I’ve only been in Moab for 24 hours and I can see why it’s a favorite for many of my friends…
See more of the weird Utah vernacular and mind-blowing landscape in the Gallery!
Much like the road, cross and MTBs found at the 2014 NAHBS, this gallery has a 44mm headtube and is built from OS tubing. In fact, there’s so much packed into the gallery, that I had to give it hydro disc brakes, electronic shifting and through-axles. So descend into the rock garden of Galleries at your own risk…
This year, NAHBS was in my old stomping grounds of Charlotte, North Carolina. I went to architecture college there, slaved away for five years, got my degree and walked away, never looking back. Nothing against the city, because Charlotte has its rad moments, I just never found myself close enough to make the trip. So for me, NAHBS was kind of a homecoming. While I didn’t recognize a lot of the downtown or surrounding areas, that’s to be expected. It had been over 10 years…
I knew a few things were on the agenda: eat at Bojangles fried chicken and biscuits, try to shoot as many bikes outside of the convention as possible, chat with Chris Bishop (who wasn’t showing this year) and somehow, avoid getting wasted each night, because working 14 hour days with a hangover sucks.
Then I got sick. Sicker than I’ve been in some time. Musta been some bayou bug I caught down at Rouge Roubaix. Whatever it was, I could barely focus on anything, my head hurt, my throat was swollen and it was hard to stay indoors with the horrible lighting. So I lost a full day of work, didn’t get to chat to Chris Bishop (sorry dude!) and missed out on the late night shenanigans (thankfully).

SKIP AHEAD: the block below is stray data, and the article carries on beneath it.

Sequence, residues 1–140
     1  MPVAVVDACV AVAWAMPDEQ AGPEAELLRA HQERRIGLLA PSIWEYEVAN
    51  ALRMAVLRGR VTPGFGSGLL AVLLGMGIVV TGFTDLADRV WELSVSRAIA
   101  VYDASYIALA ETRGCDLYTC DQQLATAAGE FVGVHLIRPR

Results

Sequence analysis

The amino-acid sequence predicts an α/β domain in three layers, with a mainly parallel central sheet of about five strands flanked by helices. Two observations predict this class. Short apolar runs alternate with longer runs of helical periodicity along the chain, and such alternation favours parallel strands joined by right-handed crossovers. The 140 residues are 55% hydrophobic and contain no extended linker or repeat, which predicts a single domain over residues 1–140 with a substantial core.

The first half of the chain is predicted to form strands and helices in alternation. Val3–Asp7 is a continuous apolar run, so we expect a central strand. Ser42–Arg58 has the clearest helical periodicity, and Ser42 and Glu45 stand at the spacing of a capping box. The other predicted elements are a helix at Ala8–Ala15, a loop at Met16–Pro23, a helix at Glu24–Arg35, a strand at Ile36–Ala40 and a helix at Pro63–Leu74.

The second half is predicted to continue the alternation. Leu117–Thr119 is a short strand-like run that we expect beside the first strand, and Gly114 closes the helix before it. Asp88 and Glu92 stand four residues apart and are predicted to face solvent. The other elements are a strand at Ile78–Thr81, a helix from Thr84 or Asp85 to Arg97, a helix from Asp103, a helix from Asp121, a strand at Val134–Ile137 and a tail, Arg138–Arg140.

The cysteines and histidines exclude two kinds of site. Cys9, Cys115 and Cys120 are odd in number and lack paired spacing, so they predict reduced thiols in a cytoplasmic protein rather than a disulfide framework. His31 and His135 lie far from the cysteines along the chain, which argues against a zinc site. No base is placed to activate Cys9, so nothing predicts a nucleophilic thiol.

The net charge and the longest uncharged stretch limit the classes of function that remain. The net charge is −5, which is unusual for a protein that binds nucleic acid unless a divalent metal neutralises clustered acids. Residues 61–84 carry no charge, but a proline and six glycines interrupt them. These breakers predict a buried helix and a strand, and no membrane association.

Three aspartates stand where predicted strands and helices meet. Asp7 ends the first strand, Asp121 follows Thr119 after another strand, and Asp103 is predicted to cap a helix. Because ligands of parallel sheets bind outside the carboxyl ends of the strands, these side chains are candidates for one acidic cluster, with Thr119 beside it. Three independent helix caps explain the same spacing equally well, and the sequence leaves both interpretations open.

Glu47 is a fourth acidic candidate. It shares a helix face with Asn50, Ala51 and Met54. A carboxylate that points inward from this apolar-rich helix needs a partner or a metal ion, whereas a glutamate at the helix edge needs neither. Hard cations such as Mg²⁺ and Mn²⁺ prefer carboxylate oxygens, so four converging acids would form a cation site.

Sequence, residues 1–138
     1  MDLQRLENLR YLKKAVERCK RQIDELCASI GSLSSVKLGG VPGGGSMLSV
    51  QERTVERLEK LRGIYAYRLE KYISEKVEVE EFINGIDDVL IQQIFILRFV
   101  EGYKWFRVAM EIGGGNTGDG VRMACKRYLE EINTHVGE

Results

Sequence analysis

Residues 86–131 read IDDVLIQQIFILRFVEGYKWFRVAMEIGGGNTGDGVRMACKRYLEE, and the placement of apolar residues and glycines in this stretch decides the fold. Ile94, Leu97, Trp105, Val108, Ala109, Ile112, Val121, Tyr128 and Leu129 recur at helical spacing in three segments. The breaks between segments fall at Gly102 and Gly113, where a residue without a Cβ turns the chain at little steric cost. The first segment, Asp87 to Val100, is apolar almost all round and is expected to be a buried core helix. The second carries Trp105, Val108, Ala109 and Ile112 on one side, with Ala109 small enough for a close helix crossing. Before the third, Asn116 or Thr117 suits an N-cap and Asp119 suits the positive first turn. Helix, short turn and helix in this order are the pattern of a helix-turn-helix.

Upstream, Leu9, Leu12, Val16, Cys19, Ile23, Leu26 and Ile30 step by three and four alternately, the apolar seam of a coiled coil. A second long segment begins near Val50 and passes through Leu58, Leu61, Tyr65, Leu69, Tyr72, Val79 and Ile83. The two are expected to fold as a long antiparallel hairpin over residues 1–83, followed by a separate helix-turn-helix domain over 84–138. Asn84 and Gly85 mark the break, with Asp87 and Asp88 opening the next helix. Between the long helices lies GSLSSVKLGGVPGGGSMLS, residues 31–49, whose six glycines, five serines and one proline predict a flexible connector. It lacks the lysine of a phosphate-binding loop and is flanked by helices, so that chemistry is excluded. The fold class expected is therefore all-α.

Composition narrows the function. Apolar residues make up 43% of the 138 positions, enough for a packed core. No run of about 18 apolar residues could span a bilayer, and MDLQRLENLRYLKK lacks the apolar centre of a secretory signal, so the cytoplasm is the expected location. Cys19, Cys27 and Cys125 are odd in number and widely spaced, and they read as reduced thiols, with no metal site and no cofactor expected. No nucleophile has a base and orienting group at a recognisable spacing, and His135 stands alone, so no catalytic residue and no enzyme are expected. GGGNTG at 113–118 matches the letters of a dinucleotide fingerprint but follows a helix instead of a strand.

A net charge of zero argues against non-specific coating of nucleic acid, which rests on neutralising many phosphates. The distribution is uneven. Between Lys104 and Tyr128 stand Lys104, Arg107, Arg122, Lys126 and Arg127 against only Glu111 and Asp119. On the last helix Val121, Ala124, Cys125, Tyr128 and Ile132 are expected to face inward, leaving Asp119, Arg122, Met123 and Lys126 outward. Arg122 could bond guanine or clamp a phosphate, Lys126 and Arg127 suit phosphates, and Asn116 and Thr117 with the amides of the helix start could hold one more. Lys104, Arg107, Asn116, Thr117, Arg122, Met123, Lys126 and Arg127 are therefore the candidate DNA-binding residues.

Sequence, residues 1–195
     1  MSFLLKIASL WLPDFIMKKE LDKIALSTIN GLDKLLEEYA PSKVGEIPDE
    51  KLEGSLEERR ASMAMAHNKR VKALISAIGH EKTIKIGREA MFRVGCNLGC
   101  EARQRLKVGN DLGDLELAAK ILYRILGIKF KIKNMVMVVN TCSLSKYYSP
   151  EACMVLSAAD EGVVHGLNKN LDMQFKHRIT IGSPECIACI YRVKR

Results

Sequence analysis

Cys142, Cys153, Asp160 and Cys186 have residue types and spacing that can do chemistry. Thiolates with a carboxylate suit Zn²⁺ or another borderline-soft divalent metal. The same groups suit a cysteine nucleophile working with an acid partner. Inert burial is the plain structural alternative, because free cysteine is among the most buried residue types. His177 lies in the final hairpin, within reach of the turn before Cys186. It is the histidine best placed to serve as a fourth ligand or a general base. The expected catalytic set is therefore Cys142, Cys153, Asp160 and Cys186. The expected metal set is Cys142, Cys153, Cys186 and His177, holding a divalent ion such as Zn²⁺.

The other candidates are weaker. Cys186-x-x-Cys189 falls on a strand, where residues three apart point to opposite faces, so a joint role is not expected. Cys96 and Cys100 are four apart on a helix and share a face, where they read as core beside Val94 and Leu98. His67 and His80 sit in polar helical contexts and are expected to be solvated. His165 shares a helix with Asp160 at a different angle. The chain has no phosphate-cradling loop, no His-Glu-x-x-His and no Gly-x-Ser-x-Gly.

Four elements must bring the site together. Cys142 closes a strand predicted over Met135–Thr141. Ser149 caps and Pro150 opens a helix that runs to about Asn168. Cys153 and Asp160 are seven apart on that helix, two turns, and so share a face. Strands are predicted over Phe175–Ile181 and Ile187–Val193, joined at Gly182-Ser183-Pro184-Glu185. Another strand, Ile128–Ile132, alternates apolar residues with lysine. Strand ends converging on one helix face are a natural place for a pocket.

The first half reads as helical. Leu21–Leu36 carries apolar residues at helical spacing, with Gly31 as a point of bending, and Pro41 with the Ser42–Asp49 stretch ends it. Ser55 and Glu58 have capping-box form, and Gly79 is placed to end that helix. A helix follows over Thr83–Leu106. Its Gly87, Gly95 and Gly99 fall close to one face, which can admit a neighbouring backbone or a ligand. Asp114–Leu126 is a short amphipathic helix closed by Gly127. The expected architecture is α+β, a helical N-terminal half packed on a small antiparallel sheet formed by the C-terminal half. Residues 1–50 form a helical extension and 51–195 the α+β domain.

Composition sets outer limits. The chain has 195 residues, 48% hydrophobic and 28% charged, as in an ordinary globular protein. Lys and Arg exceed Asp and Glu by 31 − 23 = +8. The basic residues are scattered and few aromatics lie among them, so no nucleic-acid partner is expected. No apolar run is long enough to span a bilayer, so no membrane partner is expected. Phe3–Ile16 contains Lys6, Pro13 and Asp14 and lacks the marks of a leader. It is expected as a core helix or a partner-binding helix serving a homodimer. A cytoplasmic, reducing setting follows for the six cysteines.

What I did accomplish was a selection of bikes I felt were significant and a pretty ok Gallery, showcasing the highlights of the show (for me anyway). I also managed to catch a few friends meandering the aisles… See more in the Mega Huge Oversized Gallery!
In the midst of all the NAHBS madness and in between nearly overdosing on Dayquil, I bumped into Armando Quiros, a frame builder I’ve featured on the site before, way, way back. Armando usually pops up at NAHBS with some insane track build. This time, he didn’t disappoint.
Like most builders, Armando keeps an eye out for vintage, rare tube and lugsets. A few years back, he acquired a set of the uber-scarce Tange Aero lugs, knowing good and well that the lugs aren’t worth anything without the tubes, or the post.
Some time passed and a random search on eBay revealed the tubes and the post, with a note stating: please note, the lugs are not included. He now had all the pieces to the puzzle so to speak.
He got cracking to it, built up a mean track frame and got it powdercoated before the show, building it up in the hotel room the night before. I bumped into him, outside the convention and shot some quick photos, which you can see in the Gallery!
At this point, Tony Pereira of Breadwinner has won three “best MTB” awards at NAHBS over the years. So when this Bad Otis was getting built up on Thursday night before the show, I was interested to see what he had up his sleeves… Boy, was I surprised and impressed. Both Ira and Tony had killer personal bikes at the show.
Tony’s Bad Otis sports a Rockshox 160mm Pike front fork and it’s a hard tail. While that might be an issue on a 29′r, this 27.5 bike will destroy about anything Tony throws at it (or anything he hucks it off, rather). The Reverb Stealth dropper adds another level of adaptability for trail conditions.
With a head angle of 66 degrees and some nice, plump tires, this bike wants to go down things, fast. I just wish I could be there to see him shred on its maiden voyage.
See more in the Gallery!